Fashions from the Turn of the Century

Shoes. 1900. The Metropolitan Museum of Art

Let’s start up with clearing up a few things.

1) I am keeping this blog running HOWEVER since I’m currently in the home stretch (spoiler: I’ve never ever seen a game of baseball in my life) of my final year as a University student updates may be a bit sparse until I’m done with exams etc.

2) I’ll be posting a couple of posts related to the “anniversary” of Titanic’s demise. I hate using that word to describe such a sad event, but it seems it’s the best word English can offer.

3) This blog has a new layout! And whenever I find the time to make one, a new header too!

Unless you’re living under a rock, you may have noticed that Titanic’s Centennary is coming up right soon. You may also have watched Downton Abbey (which I thought was called Downtown Abbey for the longest time). I’ve watched most of Downton Abbey, mostly for the costumes because the drama in season 2 turned me off most of the characters, to be honest.

I’ve long since been fascinated with historical fashion. My mother recently reminded me that I could often be found looking through books on historical fashion I had brought home from the library, studying them quite intently.

So since the centennary of Titanic is coming up, I though I might take a look at what the ladies of Titanic and Downton might be wearing. Think what you want about the 1997 Titanic movie, Kate Winslet’s costumes were porn for fashion nerds.

Beginning with the basics, the silhouette of the Edwardian lady changed quite a bit with the advent of the S-shaped corset. The difference is illustrated below. Putting it into the words the new style of corset would push the torso forward, by putting pressure on the stomach and spine.

The difference between a "regular" and an S-shaped corset illustrated.

The S-line corset is so named because it makes the lady's figure vaguely resemble an S

Dress. 1908. The Kyoto Costume Institute

Ball Gown. Jean-Philippe Worth, 1900. The Kyoto Costume Institute

Dress ca. 1908 via The Costume Institute of the Metropolitan Museum of Art

Ball Gown. Jean-Philippe Worth, 1900-1905. The Metropolitan Museum of Art

The gowns above show us what wearing the corset would make a gown look like in action. You can tell how the bust tips forward, and the stomach slopes inward. The dress shown from the back is interesting also, because it shows that wearing an S-corset almost creates a mini-bustle effect, harking about 30-40 years back in time.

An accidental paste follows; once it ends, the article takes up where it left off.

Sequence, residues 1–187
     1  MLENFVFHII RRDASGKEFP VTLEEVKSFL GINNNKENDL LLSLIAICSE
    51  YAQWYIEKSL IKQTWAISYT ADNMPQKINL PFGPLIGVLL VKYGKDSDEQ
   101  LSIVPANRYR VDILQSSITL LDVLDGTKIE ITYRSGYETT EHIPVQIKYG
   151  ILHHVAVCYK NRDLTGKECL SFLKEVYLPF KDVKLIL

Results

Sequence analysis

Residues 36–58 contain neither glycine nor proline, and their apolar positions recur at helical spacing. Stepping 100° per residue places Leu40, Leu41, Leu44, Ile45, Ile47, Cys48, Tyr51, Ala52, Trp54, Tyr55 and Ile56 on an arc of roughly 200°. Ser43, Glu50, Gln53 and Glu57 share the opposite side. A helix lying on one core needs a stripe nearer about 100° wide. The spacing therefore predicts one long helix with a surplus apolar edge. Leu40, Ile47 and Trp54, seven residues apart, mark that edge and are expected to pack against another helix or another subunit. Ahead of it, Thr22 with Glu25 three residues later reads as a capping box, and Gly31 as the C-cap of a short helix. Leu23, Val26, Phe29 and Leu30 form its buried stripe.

Evening Dress. Jean-Philippe Worth, 1900-1905. The Metropolitan Museum of Art

Necklines were often high (if you can even call the above example a neckline). Ball gowns were more liberal with the amount of cleavage shown, but walking gowns, evening dresses and basically anything not used at balls would close at the neck or envelop the neck itself in fabric. This can also be referred to as “My Biggest Nightmare” in a gown. I can’t abide turtlenecks, and however much I adore the dress-type above I could never dress like that day in and out.

Dress. Jeanne Paquin, 1906-1908. The Metropolitan Museum of Art

Evening Dress. Jean-Philippe Worth, 1906-1908. The Metropolitan Museum of Art. For the Turn of the Century Goth!

Dress. Jean-Philippe Worth, 1900. The Metropolitan Museum of Art

The pink dress almost reminds me of 1790 post French Revolution gowns. I think it’s the bodice.

Evening Dress, 1911. The Metropolitan Museum of Art.

Ball gown ca. 1900-1903 via The Costume Institute of the Metropolitan Museum of Art.

Evening Dress. 1907.The Metropolitan Museum of Art

Of course, it takes more than just a gown to complete an outfit.

Cape. 1905-1910. The Metropolitan Museum of Art. This is an example of Turn of the Century outerwear.

Turn of the Century hats grew to astounding sizes and were elaborately decorated. I love how over the top they are.

Hat. Mme. Pauline, ca. 1911. The Metropolitan Museum of Art.

Hat ca. 1908-1910 via The Costume Institute of the Metropolitan Museum of Art

Hat. 1905. The Metropolitan Museum of Art

Hat. Madame Alphonsine, ca. 1910.

And also these swim costumes, because they are amazing and I want to wear them everywhere, except, perhaps, the beach.

Bathing Suits. 1900s. The Kyoto Costume Institute

So that’s an insight into what Turn of the Century, Edwardian, Gilded Age, Nouvelle Vague, whichever term you prefer,  ladies might wear out and about. Now, should I work my way backwards through fashion history or not? Decisions, decisions.

2 comments on “Fashions from the Turn of the Century

  1. Laura says:

    i would suffocate in those necklines. and sleeves. i can’t even wear regular t-shirts without fidgeting all day.

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